Sierra Nevada’s revered and influential brewmaster calls it a career

As legendary brewmaster Steve Dresler heads into retirement after 34 years at Sierra Nevada, now is as good a time as any to take a fresh look at a beer that doesn’t always get the recognition it deserves.

We’re talking about the Sierra Nevada pale ale and in many ways it’s a window into the way Dresler went about his work and the brewery grew into its greatness. When the pale ale came out and people began trying it in the early 1980s, it was a shocking amalgamation of hop flavor and aroma and, yes, a hefty punch of bitterness that signaled that the craft beer revolution had begun.

This pale ale was not Dresler’s creation — it’s the work of Sierra Nevada co-founder Ken Grossman — but Dresler has guided it to iconic status since he took the helm as brewer in Chico.

This is one of those beers that long ago redefined how we thought beer was supposed to taste. It inspired. It challenged. It grew on us. And if you, the enlightened beer geek of 2017, think of it as ho-hum or underwhelming, you’re failing to grasp just how much this one beer helped reconfigure the American craft beer palate.

Dresler calls the pale ale “the most legendary beer in craft beer history.” But don’t just take his word for it.

“To this day, I always have a six pack of Sierra Nevada pale ale in my fridge. It’s still one of my all time favorite beers,” said Vinne Cilurzo, co-owner of Russian River Brewing in Santa Rosa and widely considered one of the world’s great brewers. “Back then, Sierra Nevada pale ale was cutting edge. It was really hoppy.”

Next month, Dresler, 60, will wrap up his career at Sierra Nevada. It was simply time, he decided, to move on, take it easy for awhile and the consider his options.

His first job in 1983 was not a fateful occasion. Dresler, who was a double science major in college, had no inkling he was getting in on the ground floor of a revolution in brewing. Fresh from getting laid off by a fabricating company, the long-haired Dresler heard about jobs at the brewery and soon found himself loading bottles into boxes. He was paid $4 an hour under the table.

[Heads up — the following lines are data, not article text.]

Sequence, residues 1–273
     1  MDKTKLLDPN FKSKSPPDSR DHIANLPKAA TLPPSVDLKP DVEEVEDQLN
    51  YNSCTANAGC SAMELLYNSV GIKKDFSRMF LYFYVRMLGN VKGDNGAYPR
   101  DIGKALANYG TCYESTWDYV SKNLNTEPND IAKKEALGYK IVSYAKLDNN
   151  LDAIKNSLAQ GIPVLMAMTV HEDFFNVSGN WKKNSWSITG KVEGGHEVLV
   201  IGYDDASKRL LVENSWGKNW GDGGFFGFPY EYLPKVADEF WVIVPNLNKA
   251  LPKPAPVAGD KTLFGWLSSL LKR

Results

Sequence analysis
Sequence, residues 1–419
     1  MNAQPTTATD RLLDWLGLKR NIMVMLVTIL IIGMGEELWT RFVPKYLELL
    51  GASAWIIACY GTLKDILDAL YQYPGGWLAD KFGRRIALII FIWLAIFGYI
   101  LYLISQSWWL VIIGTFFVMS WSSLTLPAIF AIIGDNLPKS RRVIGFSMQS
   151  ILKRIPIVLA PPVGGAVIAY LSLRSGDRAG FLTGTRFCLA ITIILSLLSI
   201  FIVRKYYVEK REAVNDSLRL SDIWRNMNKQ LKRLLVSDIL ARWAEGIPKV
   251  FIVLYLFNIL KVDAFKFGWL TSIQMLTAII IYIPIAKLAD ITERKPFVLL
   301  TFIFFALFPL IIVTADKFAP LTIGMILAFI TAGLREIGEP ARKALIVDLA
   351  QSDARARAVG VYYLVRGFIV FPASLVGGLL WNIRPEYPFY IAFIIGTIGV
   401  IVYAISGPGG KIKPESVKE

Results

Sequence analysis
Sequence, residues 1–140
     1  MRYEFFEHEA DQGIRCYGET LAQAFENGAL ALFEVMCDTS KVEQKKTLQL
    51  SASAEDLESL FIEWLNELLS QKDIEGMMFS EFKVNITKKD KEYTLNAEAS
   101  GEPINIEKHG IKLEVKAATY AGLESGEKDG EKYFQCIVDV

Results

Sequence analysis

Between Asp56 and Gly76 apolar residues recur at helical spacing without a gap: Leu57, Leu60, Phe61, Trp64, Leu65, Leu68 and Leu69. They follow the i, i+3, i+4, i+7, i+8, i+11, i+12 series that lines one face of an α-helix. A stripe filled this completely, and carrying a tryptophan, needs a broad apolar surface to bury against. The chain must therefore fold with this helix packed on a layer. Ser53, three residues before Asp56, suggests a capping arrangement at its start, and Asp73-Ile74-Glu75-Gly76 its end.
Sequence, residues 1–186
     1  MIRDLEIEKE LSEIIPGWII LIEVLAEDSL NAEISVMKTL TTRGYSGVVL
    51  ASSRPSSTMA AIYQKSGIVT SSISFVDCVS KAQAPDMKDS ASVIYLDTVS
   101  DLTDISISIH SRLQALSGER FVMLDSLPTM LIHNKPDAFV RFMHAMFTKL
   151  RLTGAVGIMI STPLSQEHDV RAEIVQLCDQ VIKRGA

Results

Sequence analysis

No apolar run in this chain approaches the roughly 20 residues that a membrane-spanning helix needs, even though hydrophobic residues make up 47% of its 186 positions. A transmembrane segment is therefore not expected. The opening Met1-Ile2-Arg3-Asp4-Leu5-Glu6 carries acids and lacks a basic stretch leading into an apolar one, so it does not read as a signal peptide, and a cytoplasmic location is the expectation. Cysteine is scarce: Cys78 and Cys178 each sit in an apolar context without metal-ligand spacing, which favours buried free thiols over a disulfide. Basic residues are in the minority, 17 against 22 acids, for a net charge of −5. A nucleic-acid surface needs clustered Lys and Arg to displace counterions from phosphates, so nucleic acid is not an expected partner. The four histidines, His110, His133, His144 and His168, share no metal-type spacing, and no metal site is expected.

“I got an opportunity to brew in April of 1983,” said Dresler, who had dabbled in rudimentary home brewing. “We started getting a little busy. We were going to brew on Saturdays. For me personally, that was a big step. It was a very small company, but the people were fascinating. You kind of got caught up in the fun and excitement of it.”

Sierra Nevada went into overdrive and the growth continued for years. The brewery relocated, expanded, hired more employees, and soon it was brewing 24 hours a day to meet demand. Dresler was always a hands-on brewer and liked it that way.

The heyday of growth and creativity in Chico was in the late 1980s and early 1990s. The brewery moved to its current location, and with the opening of the pub in 1990, Dresler began creating new beers to go along with the flagship beers – pale ale, porter, stout, Celebration IPA, Bigfoot barleywine.

Dresler was the first brewer in the U.S. to brew a so-called wet hop beer – using fresh, green hops that had not been kiln dried – and the resulting Harvest Ale has been a big hit for 20 years. These days, wet hop beers are an early autumn staple at many breweries. He made an English style brown ale that won raves. He oversaw the development of the exquisite Ovila series, featuring trappist style beers made in collaboration with the monks of the Abbey of New Clairvaux in Vina, 20 miles north of Chico.

Its latest Sierra Nevada Beer Camp 12-pack release, featuring six collaborations with domestic craft breweries and six foreign breweries, is major news among beer aficionados. Brewery tours at the Chico brewery remain a big deal. And while the brewery continues to develop new beers in various styles, its pale ale remains an important benchmark for new and veteran tasters alike.